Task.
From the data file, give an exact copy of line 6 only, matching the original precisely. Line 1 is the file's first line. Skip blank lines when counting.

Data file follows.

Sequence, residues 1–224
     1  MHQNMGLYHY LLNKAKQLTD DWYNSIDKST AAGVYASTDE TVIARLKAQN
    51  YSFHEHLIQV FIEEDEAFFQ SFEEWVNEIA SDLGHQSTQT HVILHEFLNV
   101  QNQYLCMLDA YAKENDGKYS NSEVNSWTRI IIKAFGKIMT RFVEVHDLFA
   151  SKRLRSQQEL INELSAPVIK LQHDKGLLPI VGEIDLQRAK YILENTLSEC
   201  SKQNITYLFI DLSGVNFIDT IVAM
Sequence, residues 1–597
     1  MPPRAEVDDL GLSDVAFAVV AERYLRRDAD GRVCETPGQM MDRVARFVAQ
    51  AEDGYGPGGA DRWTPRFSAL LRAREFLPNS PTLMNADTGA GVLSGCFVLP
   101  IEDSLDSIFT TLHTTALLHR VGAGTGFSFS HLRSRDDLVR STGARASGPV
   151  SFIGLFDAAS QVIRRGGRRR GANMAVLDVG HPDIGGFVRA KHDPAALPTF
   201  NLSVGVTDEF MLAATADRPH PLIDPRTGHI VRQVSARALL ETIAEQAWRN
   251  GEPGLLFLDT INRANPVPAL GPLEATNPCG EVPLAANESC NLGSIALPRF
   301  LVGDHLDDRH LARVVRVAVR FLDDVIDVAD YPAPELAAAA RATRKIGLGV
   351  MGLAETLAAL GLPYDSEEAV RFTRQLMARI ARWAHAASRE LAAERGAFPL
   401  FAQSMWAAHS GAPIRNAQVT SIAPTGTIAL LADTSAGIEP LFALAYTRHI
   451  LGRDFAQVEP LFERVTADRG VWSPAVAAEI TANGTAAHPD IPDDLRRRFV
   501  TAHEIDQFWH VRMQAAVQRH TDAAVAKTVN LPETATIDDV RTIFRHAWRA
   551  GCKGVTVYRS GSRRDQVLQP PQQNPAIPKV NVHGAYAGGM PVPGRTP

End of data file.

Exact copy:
   201  SKQNITYLFI DLSGVNFIDT IVAM